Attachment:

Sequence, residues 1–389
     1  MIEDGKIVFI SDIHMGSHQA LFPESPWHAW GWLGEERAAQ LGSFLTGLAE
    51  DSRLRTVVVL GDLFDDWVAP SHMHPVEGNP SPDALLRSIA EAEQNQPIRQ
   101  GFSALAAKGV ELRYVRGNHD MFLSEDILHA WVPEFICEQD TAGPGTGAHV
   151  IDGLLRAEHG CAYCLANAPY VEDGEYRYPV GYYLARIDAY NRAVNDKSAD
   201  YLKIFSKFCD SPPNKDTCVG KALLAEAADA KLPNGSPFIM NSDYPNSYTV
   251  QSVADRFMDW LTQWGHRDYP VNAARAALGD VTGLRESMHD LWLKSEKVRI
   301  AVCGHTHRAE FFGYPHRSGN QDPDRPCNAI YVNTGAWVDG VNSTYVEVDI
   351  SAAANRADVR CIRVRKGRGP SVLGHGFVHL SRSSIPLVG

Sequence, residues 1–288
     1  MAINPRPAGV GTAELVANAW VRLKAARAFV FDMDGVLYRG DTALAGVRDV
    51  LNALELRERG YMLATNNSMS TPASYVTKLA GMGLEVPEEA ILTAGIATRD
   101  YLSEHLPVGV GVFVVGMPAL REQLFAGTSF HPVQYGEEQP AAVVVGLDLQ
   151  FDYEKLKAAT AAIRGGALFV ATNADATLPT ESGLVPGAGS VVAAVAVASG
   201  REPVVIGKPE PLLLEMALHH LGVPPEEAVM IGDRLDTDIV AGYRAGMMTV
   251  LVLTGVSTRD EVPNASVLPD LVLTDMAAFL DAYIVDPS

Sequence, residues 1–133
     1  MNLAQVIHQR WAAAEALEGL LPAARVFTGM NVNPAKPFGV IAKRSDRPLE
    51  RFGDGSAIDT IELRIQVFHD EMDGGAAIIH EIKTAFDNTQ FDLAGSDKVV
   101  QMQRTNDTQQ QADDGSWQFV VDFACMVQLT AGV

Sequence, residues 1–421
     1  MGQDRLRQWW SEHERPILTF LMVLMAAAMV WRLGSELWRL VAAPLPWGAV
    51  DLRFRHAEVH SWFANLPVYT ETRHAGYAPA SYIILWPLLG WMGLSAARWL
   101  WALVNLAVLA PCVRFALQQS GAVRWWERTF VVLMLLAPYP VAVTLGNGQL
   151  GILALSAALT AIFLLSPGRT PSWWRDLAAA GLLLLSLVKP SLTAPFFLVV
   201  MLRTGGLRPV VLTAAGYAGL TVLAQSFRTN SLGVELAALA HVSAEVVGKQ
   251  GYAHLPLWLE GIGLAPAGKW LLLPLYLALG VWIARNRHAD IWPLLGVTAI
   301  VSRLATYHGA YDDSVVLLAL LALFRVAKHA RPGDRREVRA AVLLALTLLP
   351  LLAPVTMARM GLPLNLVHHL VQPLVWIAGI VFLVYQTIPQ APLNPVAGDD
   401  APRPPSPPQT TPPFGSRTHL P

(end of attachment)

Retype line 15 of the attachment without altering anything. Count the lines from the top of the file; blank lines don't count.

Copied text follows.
   201  REPVVIGKPE PLLLEMALHH LGVPPEEAVM IGDRLDTDIV AGYRAGMMTV